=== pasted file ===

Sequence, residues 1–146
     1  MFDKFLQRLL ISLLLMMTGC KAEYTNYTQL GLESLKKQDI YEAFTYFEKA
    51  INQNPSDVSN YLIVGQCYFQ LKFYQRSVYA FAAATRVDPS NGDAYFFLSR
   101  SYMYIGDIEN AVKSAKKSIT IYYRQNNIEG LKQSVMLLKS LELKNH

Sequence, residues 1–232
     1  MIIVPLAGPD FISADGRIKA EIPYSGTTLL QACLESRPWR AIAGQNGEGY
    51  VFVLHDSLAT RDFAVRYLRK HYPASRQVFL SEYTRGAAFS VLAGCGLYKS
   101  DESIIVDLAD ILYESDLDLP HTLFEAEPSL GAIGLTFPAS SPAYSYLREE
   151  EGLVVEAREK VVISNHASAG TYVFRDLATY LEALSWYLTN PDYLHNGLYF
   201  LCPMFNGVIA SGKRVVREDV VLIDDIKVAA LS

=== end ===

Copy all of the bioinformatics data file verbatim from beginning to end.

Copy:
Sequence, residues 1–146
     1  MFDKFLQRLL ISLLLMMTGC KAEYTNYTQL GLESLKKQDI YEAFTYFEKA
    51  INQNPSDVSN YLIVGQCYFQ LKFYQRSVYA FAAATRVDPS NGDAYFFLSR
   101  SYMYIGDIEN AVKSAKKSIT IYYRQNNIEG LKQSVMLLKS LELKNH

Sequence, residues 1–232
     1  MIIVPLAGPD FISADGRIKA EIPYSGTTLL QACLESRPWR AIAGQNGEGY
    51  VFVLHDSLAT RDFAVRYLRK HYPASRQVFL SEYTRGAAFS VLAGCGLYKS
   101  DESIIVDLAD ILYESDLDLP HTLFEAEPSL GAIGLTFPAS SPAYSYLREE
   151  EGLVVEAREK VVISNHASAG TYVFRDLATY LEALSWYLTN PDYLHNGLYF
   201  LCPMFNGVIA SGKRVVREDV VLIDDIKVAA LS